The new system now gives effect to the principles of te Tiriti o Waitangi and provides greater opportunities for Māori participation. A new National Māori Entity will be established, which will monitor te Tiriti performance. The entity will not be representative of hapū, iwi or Māori and will operate independently from the Government.

The way natural resources are allocated should become more efficient and equitable. Environmental limits and targets will be used to help protect human health, and to protect and restore the natural environment.

Finally, improvements in monitoring, reporting and oversight of the new system will provide better information about how it is working.

Achieving outcomes and managing effects

The NPF and NBE plans will identify activities in one of four categories (table 1). These will determine whether an activity requires a consent or not.

Four consenting categories:

Under the new system, the NPF or NBE plans can permit activities. Some of these activities can only be categorised as permitted if they meet certain conditions set out in the NPF or NBE plan. NBE permitted activities can require third-party written approvals or certified reports prepared by suitably qualified persons. In such cases, the NPF or NBE plan will direct whether or not a permitted activity notice is required and, if it is required, the activity must not begin before the notice is issued.

Resource consents will be required for activities categorised within the anticipated and discretionary activity categories. The NBA is intended to drive more consistent categorisation of activities and provide for a more outcomes-focused approach. The level of assessment will therefore be proportionate to the complexity of the application and the potential outcomes and effects.

Transition and implementation 

The new RM system will be phased in over time. Some changes take effect immediately. However, the transition from the RMA to the SPA and NBA will occur sequentially and region-by-region. Different regions will switch over at different times and until a region has both an RSS and NBE plan in place, much of the RMA will continue to apply. This includes current national direction, regional policy statements and plans, and many processes such as consenting and designations.  

There are a range of work programmes underway to support a successful transition and implementation process. Implementation will be regionally led and build on existing knowledge, work and relationships of councils, hapū, iwi and Māori and everyone who uses the new system. 

Some regions will be ready to implement the new system earlier than others. The Government will support and work closely with these first regions to establish their RPCs, and to develop their RSS and NBE plans.

This first group of regions will help demonstrate how workable the new system is, provide lessons for the regions that follow, and inform the type of support and system improvements that may be needed.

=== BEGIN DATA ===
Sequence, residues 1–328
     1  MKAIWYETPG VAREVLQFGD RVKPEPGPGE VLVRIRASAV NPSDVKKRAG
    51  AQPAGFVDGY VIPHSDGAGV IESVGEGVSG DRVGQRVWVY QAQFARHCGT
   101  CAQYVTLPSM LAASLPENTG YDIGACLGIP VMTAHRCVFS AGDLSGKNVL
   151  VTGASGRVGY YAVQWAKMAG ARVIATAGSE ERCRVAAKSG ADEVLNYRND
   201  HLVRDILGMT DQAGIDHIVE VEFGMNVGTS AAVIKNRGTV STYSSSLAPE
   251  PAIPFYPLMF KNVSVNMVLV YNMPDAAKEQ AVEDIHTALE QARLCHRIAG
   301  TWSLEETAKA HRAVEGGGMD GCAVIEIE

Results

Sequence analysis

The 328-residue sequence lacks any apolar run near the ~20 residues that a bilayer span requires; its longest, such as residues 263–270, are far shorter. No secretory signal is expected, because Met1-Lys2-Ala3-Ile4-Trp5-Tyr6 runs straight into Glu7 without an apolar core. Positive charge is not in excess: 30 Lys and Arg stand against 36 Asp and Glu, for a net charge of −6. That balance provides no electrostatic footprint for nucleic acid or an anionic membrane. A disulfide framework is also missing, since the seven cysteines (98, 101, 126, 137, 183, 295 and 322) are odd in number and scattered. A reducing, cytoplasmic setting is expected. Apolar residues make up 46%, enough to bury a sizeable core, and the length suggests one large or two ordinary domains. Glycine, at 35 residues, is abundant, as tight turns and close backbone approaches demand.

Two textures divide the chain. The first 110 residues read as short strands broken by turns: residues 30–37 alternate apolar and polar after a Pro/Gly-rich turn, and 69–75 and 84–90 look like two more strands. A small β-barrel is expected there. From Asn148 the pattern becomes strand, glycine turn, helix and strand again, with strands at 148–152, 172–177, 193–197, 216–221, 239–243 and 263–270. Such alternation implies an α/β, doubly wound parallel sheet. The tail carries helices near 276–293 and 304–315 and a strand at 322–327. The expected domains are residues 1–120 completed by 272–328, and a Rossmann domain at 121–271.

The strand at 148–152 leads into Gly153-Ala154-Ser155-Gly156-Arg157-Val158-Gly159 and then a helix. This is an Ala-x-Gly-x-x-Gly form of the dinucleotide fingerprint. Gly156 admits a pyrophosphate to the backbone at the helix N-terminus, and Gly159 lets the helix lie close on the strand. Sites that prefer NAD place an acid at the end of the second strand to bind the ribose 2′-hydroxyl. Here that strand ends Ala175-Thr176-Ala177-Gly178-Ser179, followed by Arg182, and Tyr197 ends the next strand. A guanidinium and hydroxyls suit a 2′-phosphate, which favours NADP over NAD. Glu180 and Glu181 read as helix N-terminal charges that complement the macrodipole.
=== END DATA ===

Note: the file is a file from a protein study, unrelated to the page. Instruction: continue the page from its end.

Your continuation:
Work is also underway to explore how the government can support the regions that follow to prepare for their transition.

Almost every Treaty settlement to date includes natural resources redress, which interacts with the RMA. Engagement with post-settlement governance entities and other relevant groups is underway to reach agreement on how to continue to uphold Treaty settlements and other arrangements in the new system.

Transitional National Planning Framework

The transitional NPF is the initial step in delivering national direction for the new resource management system. It will be in place in 2025, in time to inform the development of the first RSS.

To facilitate a smooth transition from the RMA, the transitional NPF will be prepared on the basis of existing RMA national direction as long as it is compatible with the requirements of the NBA. It will provide direction to support the delivery of the RSS.

Most existing RMA national direction will be incorporated into the transitional NPF, including the National Policy Statement for Freshwater Management, the National Policy Statement on Urban Development, the RMA’s Medium Density Residential Standards, the National Policy Statement for Highly Productive Land and the National Policy Statement for Indigenous Biodiversity. The content of some RMA national direction instruments will not be included in the transitional NPF as they are currently being amended or need updating to work effectively in the new system.

Any content required by the NBA that is not included in the transitional NPF will be included in a notified change to the NPF by 1 January 2028.

Objectives for the new system

The Government’s objectives for the new resource management system are to:

  • protect and where necessary restore the natural environment, including its capacity to provide for the wellbeing of present and future generations

  • better enable development within environmental biophysical limits, including a significant improvement in housing supply, affordability and choice, and timely provision of appropriate infrastructure, including social infrastructure

  • give effect to the principles of te Tiriti and provide greater recognition of te ao Māori, including mātauranga Māori

  • better prepare for adapting to climate change and risks from natural hazards, and better mitigate emissions contributing to climate change

  • improve system efficiency and effectiveness, and reduce complexity, while retaining appropriate local democratic input.

Changes that apply immediately

Some changes start the day after Royal assent:

  • 10-year reviews of plans are no longer mandatory
  • some freshwater-related resource consents under the RMA are subject to maximum duration controls
  • a fast-track consenting process is available for specified applications
  • some compliance and enforcement provisions are applied
  • some provisions relating to contaminated land and aquaculture are applied


Summary and commencement of new tools and requirements:


When requiring authority and designation provisions commence, are saved or transitioned:


How policy statements and plans commence, are saved or transitioned:


Once approved as requiring authorities “other applicants” can apply for notices of requirement and have powers to compulsorily purchase land. The Minister has the power to revoke requiring authority status in certain circumstances:


Activities eligible for fast-track consenting:


Key components of the new resource management system:

Feel free to contact us